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Poorer nations commit to tackling climate change



Some of the world’s poorest countries have decided to make major efforts to cut their carbon emissions, and have encouraged their richer counterparts to follow suit.

The group of 49 least developed countries (LDCs) declared that since they are likely to be most affected by climate change-related events, it is their responsibility to commit to improve their carbon footprint.

During his welcoming speech at the LDC strategy meeting, held in Nepal in March, chair of the LDCs Group Prakash Mathema said, “In our quest to secure a future of climate safety, we must move from an ‘after you’ mentality to a perspective that says, ‘follow us’.

The LDCs occupy a unique position in the climate negotiations: we are amongst the most vulnerable; we are amongst the least responsible; and despite this we have already started to put in place some of the most ambitious climate change policies.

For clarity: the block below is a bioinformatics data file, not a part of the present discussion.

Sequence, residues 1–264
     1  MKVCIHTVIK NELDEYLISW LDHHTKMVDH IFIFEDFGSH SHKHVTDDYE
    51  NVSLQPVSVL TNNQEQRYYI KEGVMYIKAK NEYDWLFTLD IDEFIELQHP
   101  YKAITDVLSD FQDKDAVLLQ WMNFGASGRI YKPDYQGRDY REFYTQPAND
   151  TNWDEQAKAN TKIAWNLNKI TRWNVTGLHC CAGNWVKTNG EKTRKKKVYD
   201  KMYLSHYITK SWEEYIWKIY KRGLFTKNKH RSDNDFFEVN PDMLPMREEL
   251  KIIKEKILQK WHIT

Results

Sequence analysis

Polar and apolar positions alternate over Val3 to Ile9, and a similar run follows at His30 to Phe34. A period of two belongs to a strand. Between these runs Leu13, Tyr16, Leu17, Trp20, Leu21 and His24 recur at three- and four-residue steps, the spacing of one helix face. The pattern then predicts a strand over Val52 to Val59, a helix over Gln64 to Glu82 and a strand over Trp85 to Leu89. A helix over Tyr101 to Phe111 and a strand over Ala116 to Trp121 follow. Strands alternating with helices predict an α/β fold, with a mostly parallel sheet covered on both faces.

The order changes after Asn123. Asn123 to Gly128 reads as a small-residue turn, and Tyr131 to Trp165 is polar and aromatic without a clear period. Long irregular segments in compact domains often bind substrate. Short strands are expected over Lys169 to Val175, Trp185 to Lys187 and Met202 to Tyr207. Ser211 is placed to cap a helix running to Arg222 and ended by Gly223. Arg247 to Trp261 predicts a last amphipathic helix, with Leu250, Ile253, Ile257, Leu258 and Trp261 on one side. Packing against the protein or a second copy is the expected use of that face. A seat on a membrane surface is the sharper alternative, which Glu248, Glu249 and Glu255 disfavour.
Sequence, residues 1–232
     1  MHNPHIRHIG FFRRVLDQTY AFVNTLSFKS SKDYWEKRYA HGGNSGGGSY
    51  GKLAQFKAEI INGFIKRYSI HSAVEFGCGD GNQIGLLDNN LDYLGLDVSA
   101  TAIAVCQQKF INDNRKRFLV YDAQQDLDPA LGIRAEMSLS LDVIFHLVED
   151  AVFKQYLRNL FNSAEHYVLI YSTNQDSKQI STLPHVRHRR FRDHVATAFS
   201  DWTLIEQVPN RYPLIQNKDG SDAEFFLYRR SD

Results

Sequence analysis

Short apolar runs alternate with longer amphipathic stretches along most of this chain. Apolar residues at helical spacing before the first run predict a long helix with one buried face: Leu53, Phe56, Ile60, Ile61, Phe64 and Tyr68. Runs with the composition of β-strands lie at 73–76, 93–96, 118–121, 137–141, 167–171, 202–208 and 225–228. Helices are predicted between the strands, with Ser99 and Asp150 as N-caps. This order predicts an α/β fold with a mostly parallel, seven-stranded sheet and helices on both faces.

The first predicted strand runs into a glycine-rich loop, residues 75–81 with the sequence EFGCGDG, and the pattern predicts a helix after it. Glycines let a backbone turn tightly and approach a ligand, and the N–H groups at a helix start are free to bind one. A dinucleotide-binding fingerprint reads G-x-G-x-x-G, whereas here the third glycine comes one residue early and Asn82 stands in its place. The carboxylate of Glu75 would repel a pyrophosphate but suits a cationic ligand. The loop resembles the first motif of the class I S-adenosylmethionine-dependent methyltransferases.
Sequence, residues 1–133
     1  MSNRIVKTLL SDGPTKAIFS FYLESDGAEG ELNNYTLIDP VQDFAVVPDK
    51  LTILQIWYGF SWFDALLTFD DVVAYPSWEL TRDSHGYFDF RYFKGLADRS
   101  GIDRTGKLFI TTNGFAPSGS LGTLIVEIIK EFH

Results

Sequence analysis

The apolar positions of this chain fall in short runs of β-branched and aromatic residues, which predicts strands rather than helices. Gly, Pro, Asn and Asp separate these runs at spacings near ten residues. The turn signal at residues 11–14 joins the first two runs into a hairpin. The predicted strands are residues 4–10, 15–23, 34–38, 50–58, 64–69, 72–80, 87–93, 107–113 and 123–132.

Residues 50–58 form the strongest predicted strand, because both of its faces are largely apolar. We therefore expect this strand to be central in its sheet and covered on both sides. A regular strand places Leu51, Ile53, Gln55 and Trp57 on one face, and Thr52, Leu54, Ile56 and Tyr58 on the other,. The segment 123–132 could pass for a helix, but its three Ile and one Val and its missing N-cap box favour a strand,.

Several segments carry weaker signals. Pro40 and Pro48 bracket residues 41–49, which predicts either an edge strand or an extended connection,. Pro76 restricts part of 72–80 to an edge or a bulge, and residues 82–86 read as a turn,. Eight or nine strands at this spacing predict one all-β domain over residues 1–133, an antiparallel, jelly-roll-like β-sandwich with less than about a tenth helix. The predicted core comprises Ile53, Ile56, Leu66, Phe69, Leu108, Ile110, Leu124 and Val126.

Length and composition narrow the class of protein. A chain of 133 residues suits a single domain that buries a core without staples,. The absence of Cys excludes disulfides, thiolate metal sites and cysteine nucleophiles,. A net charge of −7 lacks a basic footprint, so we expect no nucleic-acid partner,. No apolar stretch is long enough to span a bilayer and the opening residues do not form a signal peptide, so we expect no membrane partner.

We should, therefore, use our position to change the international focus and perception of climate change.”

The LDCs’ decisive position could speed up UN climate change negotiations, but this will mostly depend on the degree of commitment from the richest countries – especially because they are primarily responsible for global greenhouse gas emissions.

Many smaller nations already have ambitious renewable energy targets and are wholly committed to tackling climate change. It’s imperative that the larger, richer countries therefore ‘follow them’.

Further reading:

World communities to flock to Isle of Wight for Ecoislands Global Summit

The Island President: one man’s fight for survival against the odds

Swimming against the tide: the Pacific nations fighting a losing battle with climate change

Rising sea levels force Pacific Islanders to relocate

Developing world at ‘extreme risk’ of climate change


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